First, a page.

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The main advantage to Flash is that you get a much more mature language (Actionscript 3) to work with over JS and you also get a whole host of great APIs that are easy to use. (From ByteArrays, to the Camera class, to different blend modes and filters, easy Bitmap manipulations, etc.). Now, JS is starting to implement some of these things which is good, but they still vary across browser, only work on the most modern browsers, etc.

So the advantages of Flash over JS (in my opinion) in short are: better language, better APIs, no tweaking for different platforms.

Anyway, if Shumway was fully featured, it would definitely be a big benefit. But if it doesn't work cross-browser and doesn't support all the features of Flash/Actionscript 3, then you're losing some of the main advantages Actionscript 3 gives you, and you're almost just as well off righting things in JS.

You seem up-to-date on AS3 but not on JS. JS has typedarrays (even in IE10) now.


First of all, there are more things than typed arrays (vectors) in AS3, the main thing being a consistent runtime. Also the way you structure an AS3 project is different since the language supports packages/classes etc while in JS you (for better or worse) don't have these concepts so you end up with many different code styles. Even though browsers implement the some of the features, there are subtle differences in the implementations. This results, in real world scenarios, that this stuff are being abstracted away, layers and layers of abstractions, libraries for everything. I have my doubts that this SWF interpreter can be efficient.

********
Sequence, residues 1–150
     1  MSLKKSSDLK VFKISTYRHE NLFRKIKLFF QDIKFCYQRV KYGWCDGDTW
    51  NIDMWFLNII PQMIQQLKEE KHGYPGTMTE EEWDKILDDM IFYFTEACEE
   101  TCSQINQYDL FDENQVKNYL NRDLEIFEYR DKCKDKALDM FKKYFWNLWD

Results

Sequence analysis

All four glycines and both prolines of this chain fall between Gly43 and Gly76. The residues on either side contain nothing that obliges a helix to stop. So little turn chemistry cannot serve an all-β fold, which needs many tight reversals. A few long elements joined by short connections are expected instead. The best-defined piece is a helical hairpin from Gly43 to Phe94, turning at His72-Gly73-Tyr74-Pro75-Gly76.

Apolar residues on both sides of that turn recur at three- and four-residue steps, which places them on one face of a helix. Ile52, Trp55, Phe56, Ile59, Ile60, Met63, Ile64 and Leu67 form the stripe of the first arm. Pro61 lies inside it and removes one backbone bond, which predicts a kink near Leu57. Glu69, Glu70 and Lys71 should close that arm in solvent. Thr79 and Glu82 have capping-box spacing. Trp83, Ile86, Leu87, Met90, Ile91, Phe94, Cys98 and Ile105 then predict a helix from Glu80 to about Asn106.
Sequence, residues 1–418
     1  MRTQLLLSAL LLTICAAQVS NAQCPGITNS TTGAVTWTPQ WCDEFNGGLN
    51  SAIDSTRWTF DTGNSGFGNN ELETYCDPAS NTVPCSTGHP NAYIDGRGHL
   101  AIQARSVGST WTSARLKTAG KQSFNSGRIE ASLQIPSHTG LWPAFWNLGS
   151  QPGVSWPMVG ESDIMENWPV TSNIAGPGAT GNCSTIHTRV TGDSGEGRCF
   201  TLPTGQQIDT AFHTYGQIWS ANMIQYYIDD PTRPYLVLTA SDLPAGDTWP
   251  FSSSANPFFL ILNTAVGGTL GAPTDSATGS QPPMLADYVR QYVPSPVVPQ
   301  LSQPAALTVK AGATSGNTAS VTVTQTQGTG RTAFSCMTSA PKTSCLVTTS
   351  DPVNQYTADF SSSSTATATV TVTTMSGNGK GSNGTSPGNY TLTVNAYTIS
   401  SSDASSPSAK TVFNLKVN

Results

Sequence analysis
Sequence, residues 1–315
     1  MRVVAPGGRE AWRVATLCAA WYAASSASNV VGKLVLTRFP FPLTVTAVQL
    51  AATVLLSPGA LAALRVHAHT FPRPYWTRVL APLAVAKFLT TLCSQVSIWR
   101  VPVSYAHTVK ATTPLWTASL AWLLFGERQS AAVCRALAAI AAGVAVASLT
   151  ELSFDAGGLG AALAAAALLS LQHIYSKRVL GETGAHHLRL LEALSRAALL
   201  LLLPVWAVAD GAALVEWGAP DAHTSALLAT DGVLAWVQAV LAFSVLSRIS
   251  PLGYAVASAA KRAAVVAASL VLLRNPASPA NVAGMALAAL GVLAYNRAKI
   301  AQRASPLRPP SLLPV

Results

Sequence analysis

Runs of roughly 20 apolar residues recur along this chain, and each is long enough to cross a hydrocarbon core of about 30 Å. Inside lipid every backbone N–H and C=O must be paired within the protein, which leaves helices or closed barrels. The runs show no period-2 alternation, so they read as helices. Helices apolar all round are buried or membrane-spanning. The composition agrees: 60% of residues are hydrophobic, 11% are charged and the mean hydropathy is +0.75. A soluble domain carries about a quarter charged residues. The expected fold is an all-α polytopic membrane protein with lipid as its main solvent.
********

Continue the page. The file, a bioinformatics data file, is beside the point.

There are too many layers in all doomed software, whether written in JS or AS3.

Subtle differences in implementations, you say? That is called the open web. Come on in, the water's fine. Pay no attention to the drowning plugins over in that cold corner...


Sure, but from what you said I'm guessing that they don't work in IE9, which is what I mean about cross-browser issues. Plus, TypedArrays are somewhat clumsy maybe?

It seems as if JS is the future, and that's not necessarily a bad thing, but it would be nice if JS had a few more features to make it easier to use. I personally wouldn't be opposed to starting clean (with something like Dart) but that's probably unrealistic.

Overall, the reduction of plugins is a good thing, who doesn't like less security holes, less software to update, etc. But it's also a bad thing if we lost features off stuff, lose functionality, loss cross-browser capabilities etc.

Also, can't believe I said "righting" instead of "writing" in my last post. That's quite cringe-inducing.

Flash doesn’t work at all on iOS and current/future Android devices. That a fairly serious cross-browser issue in my eyes.

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